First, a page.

One of the revolutionary changes to teams that we discuss in the paper is hybridity. This shift, which has some workers in one office and others in many locations, raises the question of how do we structure and manage our teams in a way that drives integration, collaboration and identification across various team members in and out of the office and those on synchronous or asynchronous schedules. We need to consider how to design tasks to best take advantage of hybridity and its inherent dynamism whilst remaining equitable and fair to those with different access to resources.
Sensemaking and purpose
Yet since we are in the eye of the storm right now, working out the difference between evolutionary and revolutionary changes is nigh on impossible. It will be clear only in hindsight. In the meantime, we recommend focusing on sensemaking so you can constantly update your own understanding of where you and your team are, and where you are going. Sensemaking is a kind of amplified sense of seeing the big picture, understanding that new information or better working methodology won’t come from a single source and creating a cohesive framework that is easily communicated to others.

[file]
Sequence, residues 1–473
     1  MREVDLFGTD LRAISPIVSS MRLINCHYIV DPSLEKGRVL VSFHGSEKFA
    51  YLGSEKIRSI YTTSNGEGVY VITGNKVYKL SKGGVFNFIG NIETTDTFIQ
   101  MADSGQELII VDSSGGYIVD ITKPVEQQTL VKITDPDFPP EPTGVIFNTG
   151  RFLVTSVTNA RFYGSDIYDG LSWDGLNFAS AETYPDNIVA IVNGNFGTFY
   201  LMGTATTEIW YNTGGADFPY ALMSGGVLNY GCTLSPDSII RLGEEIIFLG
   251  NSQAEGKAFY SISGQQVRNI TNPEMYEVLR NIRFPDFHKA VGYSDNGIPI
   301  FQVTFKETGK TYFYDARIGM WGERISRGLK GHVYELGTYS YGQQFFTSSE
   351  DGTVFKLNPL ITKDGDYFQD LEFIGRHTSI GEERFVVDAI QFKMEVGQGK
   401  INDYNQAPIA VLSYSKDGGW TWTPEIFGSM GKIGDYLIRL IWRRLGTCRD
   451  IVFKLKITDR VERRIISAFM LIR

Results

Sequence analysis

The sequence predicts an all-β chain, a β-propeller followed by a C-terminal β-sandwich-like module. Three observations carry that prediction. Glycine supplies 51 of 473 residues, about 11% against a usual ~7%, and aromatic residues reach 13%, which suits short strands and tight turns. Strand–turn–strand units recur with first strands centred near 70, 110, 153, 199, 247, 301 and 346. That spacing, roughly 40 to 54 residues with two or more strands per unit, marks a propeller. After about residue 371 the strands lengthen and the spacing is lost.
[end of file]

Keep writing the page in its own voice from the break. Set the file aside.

Our personal map of the world, at work and at home, needs to be examined and redrawn very often in this crisis. Remembering who on our team is grieving, who needs better access to certain resources, and so on is not a task we have figured out in a day and stick with. It’s exhausting to do our jobs and keep our team maps in mind. Unfortunately, some teams operate based on outdated maps due to pure exhaustion from that constant updating, which leads to poor decision making.